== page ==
Is Filtered Water Better Than Tap Water?
If tap water tastes like chlorine, filtering can fix that. Filtering can clear out many safety concerns like bacteria, heavy metals, and pesticides. Some types of filters can do nearly everything. Others are specific to certain contaminants.
The most common types of filters in-home treatment systems include:
- Aeration — Typically used at the point of entry, aeration filtering forces water entering the home to pass of high-pressure air jets. If there are fuel byproducts or radon — contaminants that easily become gases — in the water, they evaporate. Aeration doesn’t remove other contaminants like parasites or mercury.
- Cation exchange — This is a water-softening filtering approach that uses positively charged particles to attract negatively charged particles (ions), such as calcium, magnesium and barium. Water flows through beads of resin, where the positive ions stuck to the beads trade places with the negative ions in the water. Calcium and magnesium aren’t really safety concerns, but they can damage a home’s pipes. However, barium can be a health concern.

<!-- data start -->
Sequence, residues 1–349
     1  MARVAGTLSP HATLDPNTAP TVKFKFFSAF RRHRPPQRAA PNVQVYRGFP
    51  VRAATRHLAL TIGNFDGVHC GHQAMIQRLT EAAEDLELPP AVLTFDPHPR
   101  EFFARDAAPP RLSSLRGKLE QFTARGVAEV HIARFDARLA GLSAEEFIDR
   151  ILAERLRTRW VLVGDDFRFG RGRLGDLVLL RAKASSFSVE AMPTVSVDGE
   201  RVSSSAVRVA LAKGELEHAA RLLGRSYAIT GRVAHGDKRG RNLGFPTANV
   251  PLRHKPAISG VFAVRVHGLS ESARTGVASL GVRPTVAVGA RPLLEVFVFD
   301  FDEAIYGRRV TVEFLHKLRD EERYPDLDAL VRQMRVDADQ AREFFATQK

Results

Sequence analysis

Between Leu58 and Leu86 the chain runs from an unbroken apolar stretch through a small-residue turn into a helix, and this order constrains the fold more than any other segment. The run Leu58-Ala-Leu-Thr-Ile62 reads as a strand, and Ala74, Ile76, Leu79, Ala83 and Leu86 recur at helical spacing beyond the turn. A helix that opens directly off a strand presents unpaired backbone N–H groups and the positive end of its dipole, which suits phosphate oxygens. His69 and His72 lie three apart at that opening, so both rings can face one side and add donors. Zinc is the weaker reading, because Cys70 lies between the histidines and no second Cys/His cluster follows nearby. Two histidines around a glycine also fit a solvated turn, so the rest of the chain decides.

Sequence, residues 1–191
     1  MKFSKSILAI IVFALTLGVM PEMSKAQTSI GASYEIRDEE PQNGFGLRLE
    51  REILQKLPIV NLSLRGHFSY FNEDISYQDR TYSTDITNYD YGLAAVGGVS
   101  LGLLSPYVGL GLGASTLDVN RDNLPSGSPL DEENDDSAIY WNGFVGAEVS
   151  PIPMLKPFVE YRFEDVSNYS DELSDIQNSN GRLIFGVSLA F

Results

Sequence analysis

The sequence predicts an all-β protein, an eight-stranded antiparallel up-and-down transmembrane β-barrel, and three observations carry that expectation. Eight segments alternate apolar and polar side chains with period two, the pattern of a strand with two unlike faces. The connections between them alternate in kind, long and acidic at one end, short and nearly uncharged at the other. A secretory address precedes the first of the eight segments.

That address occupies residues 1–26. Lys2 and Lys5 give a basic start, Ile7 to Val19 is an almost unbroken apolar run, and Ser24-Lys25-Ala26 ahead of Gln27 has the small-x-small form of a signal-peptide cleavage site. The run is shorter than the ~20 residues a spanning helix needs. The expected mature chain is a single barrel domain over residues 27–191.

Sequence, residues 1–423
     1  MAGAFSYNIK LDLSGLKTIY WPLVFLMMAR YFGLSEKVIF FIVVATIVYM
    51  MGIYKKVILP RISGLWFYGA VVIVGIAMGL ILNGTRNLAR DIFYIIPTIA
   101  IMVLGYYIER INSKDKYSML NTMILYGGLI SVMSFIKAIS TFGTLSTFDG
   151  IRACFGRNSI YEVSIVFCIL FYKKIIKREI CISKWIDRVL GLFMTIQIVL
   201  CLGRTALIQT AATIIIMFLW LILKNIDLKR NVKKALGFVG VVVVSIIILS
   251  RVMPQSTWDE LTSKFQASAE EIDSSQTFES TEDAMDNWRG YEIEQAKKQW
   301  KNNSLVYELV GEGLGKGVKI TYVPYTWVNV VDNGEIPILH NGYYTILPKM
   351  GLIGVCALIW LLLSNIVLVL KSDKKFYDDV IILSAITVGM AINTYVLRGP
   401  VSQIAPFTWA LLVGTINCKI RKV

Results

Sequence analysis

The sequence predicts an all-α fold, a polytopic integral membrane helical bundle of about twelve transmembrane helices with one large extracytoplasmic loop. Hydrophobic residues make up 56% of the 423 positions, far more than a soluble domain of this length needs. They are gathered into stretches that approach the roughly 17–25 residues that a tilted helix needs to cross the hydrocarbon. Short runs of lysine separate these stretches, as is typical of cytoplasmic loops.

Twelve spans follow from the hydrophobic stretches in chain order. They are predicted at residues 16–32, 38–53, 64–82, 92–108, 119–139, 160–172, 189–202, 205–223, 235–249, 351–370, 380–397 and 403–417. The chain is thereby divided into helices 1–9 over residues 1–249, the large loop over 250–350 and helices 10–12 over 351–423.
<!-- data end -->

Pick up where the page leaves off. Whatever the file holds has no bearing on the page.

- Reverse osmosis — One of the most effective and costly filtering methods and typically a point-of-use approach, reverse osmosis uses pressure to force water through a semi-permeable membrane, removing practically all contaminants. This type of filtering is recommended for people with compromised immune systems, since it tends to eliminate more pathogens than other methods. The downside is the waste: About 4 gallons (15 liters) get thrown out for every 1 gallon (3.7 liters) of purified water it produces.
- Activated carbon — The most common type of filter and a relatively inexpensive option (it’s used in most of those countertop pitchers), activated carbon attracts and absorbs particles. Water runs through a filtering screen containing carbon, where contaminants get stuck. It can remove much of the heavy metals, parasites, pesticides, radon, and MTBE that may be in the water. This filtering is typically used in point-of-use devices, like under-sink or faucet-mounted units and pitchers.